Barr loses track of his students in Towards 2020 upheaval

Mr Andrew Barr MLA, the Minister for Education and Training, has refused to provide a report on the geographic distribution of ACT students amongst government schools, leading to the conclusion that his Department does not routinely maintain its own records of student information.

Without such basic information about his students, how does the Minister propose to assess the gains he claims were to be made by Towards 2020, including closing a large number of schools?

He also seemed to indicate that his Department does not keep its students’ records, such as their home addresses, up-to-date. The records were up-dated only last year, and now already seem to be out-of-date.

At issue is Mr Barr’s refusal to answer written questions on notice from Dr Deb Foskey MLA, Member for Molonglo, asking for information about where ACT students live in relation to the priority enrolment areas (PEAs) of the schools they attend.

In support of his refusal, Mr Barr said he was not prepared to allocate the resources necessary, as he considered it would have been an unreasonable diversion of the Department’s resources. The information was considered accurate only 18 months ago and it would seem only an update should be needed now.

Dr Foskey asked the same questions in early 2006, and answers to all questions were provided 29 days later. This year his answers took the equivalent 29 day period, but this time, the Minister has refused to answer the questions about ACT students. As this exercise was only done last18 months ago, most students are still in the system, and most would not have moved address. Therefore, to answer the questions for 2007 would merely have been an up-dating exercise.

Low competency or obfuscation?

The Minister stated that the task performed in 2006 took over a month to complete. If the Department has advised the Minister that it would take more than a month for a current update, and not less time than it took in 2006, the Minister and the people of the ACT should be very concerned about the level of competency in the Department.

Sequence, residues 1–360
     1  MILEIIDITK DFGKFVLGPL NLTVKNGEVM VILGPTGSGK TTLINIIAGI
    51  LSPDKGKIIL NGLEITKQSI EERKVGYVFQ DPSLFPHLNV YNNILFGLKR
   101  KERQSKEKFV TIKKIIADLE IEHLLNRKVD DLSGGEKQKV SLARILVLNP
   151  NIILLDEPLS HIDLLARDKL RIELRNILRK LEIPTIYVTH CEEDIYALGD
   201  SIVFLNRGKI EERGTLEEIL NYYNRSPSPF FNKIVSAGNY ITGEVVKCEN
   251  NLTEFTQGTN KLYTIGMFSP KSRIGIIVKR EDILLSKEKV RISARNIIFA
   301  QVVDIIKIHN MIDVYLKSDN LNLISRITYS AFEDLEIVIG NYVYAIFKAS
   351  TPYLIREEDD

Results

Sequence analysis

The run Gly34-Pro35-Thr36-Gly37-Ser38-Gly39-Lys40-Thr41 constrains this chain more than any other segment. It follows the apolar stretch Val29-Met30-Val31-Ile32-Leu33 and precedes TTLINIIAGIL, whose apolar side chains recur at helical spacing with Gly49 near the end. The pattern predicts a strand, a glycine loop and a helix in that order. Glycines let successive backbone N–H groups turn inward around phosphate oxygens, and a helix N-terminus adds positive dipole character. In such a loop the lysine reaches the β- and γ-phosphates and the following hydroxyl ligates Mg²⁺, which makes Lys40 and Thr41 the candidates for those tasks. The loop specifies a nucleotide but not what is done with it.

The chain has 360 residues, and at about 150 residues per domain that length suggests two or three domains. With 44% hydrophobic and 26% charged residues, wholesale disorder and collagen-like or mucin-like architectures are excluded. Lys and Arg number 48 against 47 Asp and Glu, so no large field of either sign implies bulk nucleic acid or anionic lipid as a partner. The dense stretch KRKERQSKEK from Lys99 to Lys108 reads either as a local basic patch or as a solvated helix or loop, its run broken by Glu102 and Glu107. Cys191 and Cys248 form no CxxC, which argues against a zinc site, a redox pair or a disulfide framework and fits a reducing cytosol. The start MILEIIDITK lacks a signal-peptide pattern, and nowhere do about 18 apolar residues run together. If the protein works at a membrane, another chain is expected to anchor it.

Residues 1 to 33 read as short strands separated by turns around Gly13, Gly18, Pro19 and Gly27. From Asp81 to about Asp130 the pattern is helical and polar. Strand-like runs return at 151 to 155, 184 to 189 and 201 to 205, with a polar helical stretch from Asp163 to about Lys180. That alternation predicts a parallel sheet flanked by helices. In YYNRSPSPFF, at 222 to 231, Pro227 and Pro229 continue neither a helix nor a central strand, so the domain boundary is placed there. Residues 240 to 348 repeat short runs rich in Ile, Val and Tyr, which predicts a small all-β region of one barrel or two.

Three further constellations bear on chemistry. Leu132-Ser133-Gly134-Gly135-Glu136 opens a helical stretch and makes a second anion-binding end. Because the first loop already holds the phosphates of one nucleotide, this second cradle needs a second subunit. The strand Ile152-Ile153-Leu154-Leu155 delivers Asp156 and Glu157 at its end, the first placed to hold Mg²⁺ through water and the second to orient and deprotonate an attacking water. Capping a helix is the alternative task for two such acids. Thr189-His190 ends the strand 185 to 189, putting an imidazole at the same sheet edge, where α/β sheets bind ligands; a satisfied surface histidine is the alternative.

Or perhaps there is unwillingness on the part of the Minister to be accountable for the outcomes of the Towards 2020 school closures?

Without basic geographic distribution information about his students, how does the Minister propose to assess the gains he claims were to be made by Towards 2020, including closing schools?

If this information was produced in 2006 only at the prompting of Dr Foskey, on what basis then did the Government make, or otherwise intend to make, decisions about such a large policy change in ACT Education?

Of course, the basis for closing any particular school has never been clearly articulated, and this made it very difficult for school communities to feel that they could put the case required during the legislated 6 month consultation period.

However, Mr Barr was readily able to answer the question regarding the number of NSW students at ACT schools. Was this then the basis for Towards 2020 proposing to close schools such as Hall Primary and Dickson College, which had the highest number of NSW students in primary and college levels respectively in 2006?

Keeping students records up to date

The amount of effort to clean-up student address records seems overstated. Firstly, the exercise was done relatively recently. The database query reports from 2006 could be used again. These routines, if not readily available, could be found in back-up disks.

Secondly, all college PEAs encompass full suburbs, so there is not need to drill down to street addresses in this case. In the case of high schools, only 4 suburbs (Phillip, Ngunnawal, Greenway and Deakin) seem to be split by a PEA boundary.

In the case of primary schools, approximately a quarter of schools have full suburb PEAs.

As a result, for over half of schools and students overall, the required information can be obtained without drilling down below suburb name level. Presumably not too many suburb names would be mis-spelt, so there would be few such rogue data base entries to clean up.

Background to Dr Foskey’s questions

On 25 September 2007, Dr Foskey asked question on notice (QON) 1684. Mr Barr responded on 24 October 2007, and they are both on the Legislative Assembly website.

Dr Foskey asked the same questions on 30 March 2006 (QON 1035). Mr Barr’s response was dated 28 April 2006; once again both on the website.

The nine questions requested answers to various cross-related factors:- PEAs, colleges, high schools, primary schools, in-area and out-of-area enrolments, source and destination of out-of area enrolments, retention rates, NSW students, and non-government school students.

In 2006, answers were given to all questions, except for home address distribution of non-government primary and high school students, as the Department only has suburb information available for these students. In 2007, only the question regarding NSW students was answered.

Rudolf Hath

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